Around and in and through all through the story of Lazarus, we find and hear the good news of God’s resurrection power, the promise of God’s transforming love, and the new life that can be ours if we allow God to enter into our weak, fearful, discouraged and beaten-down places. The good news made clear both in the life of Jesus and in Jesus’ actions in this story is that, despite the pain and the cost to God’s own self, God hears our cries from the depths and God wants to accompany us through them and out of them into new life.
No one wants to experience the pain of death or the raw grief that comes with it, and yet this story is full of it. Martha and Mary have reached out to Jesus for a miracle cure—but Jesus doesn’t come. By the time he finally starts on his way he knows Lazarus is already dead. And even then he takes his time; it seems as if he doesn’t really want to be there.
For all those reasons and more, this is a disturbing story. We want to know why Jesus didn’t come sooner, what took him so long, and yet—if we put ourselves in his shoes, it isn’t so hard to understand. And if we put Jesus in our shoes—that is, human shoes—it isn’t hard to understand at all.
But the very human, God-with-us Jesus does finally arrive—not only encountering the wailing and weeping but even participating in it. Spirit’s love overcomes his all-too-human reluctance and ultimately transforms death into life and weeping into rejoicing. And that is where I find the good news this morning: Not in the promise of a transcendent God to make everything better in another life, but in the here-and-now resurrection from despair and surrender to the forces of death, in the here-and-now abundant life for all.
The good news is that God-with-us comes right now into the depths of our grief, the depths of our anxieties, our depression, our illness, our worries about our children, our doubts and our fears. God-with-us comes into the depths with us; God-with-us acknowledges and shares our pain and deadness of spirit. God-with-us comes into those dead places we thought we never could escape, into those situations we thought could never be redeemed, into the heartbreak and loss we thought could never be healed—God comes into those places and calls us back to life, to wholeness, to hope and to new ways of seeing and being.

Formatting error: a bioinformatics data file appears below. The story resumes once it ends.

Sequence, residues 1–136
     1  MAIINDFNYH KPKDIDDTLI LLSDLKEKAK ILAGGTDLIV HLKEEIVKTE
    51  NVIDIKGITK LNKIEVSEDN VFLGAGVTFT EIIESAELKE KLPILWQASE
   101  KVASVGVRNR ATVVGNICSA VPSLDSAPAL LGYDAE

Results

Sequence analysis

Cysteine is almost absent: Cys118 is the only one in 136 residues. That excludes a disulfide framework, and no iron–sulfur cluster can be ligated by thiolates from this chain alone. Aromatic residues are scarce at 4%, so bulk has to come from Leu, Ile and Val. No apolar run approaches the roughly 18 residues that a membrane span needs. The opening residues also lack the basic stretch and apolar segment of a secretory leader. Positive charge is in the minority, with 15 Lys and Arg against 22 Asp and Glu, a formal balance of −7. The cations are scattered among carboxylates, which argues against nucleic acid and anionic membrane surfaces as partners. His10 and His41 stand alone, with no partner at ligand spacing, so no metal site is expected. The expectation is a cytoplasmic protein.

But I’m getting ahead of myself.
Maybe I should explain that I approach a gospel story expecting two things: First, I expect it to tell me something about who God is and, second, I expect it to tell me something about how I should live. And, maybe I should confess that while I love the poetry of the Gospel of John, I sometimes find its Jesus very one-dimensional. Fortunately for all of us, God is too big and Jesus is too human to fit into any gospel writer’s agenda, any reader’s expectations or any other preconceived notions.
So what I offer you this morning and every Sunday is a reflection of my wrestling with the scriptures and theology, personal experience, the conditions of our hearts and our lives and the state of our world, guided—I hope—by God’s Spirit. I strongly encourage you to undertake a similar exercise and hear what our still-speaking God has to say to you.
In this case it was helpful for me to remember that the Jesus of John’s Gospel is a very focused God incarnate; everything he says and does is all about embodying and glorifying God. To put it in today’s language, the one-and-only question in this Jesus’ life was “What would God do?”—or WWGD. The Jesus of John’s Gospel knows he will be killed, and almost looks forward to it. In John’s Gospel there is no sweating of blood in the Garden of Gethsemane, no prayers to let the cup of martyrdom pass him by. The Jesus of John’s Gospel is almost Buddhist in his detachment and selfless focus.
That’s all well and good—and challenging, to say the least—but in those moments when I wonder what Jesus would do, in those times when I need to know God is with me, it helps me to remember the human Jesus. It helps me to know that Jesus, God’s love revealed in human form, may have struggled with some of the same fears and feelings I do. In this story I find strength and hope in considering that, in the end, Jesus’ very human fear for his life, his very understandable desire to stay away from pain and grief, is transformed by the Spirit’s love and conquered by the Creator’s life-giving power—which means mine and yours can be, too.